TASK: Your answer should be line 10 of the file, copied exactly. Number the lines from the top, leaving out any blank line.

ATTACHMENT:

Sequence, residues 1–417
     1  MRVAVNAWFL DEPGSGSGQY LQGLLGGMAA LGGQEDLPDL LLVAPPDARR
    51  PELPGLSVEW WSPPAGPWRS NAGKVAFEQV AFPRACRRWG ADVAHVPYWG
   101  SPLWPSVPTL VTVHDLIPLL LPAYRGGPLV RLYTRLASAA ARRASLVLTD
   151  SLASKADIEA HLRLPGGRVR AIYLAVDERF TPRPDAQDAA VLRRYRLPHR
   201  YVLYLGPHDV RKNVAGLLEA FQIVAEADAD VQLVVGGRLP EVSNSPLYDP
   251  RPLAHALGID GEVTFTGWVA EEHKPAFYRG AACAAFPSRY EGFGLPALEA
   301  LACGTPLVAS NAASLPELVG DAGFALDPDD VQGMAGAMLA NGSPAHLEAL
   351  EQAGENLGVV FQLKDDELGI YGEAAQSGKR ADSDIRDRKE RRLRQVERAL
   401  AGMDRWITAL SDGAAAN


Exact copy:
   401  AGMDRWITAL SDGAAAN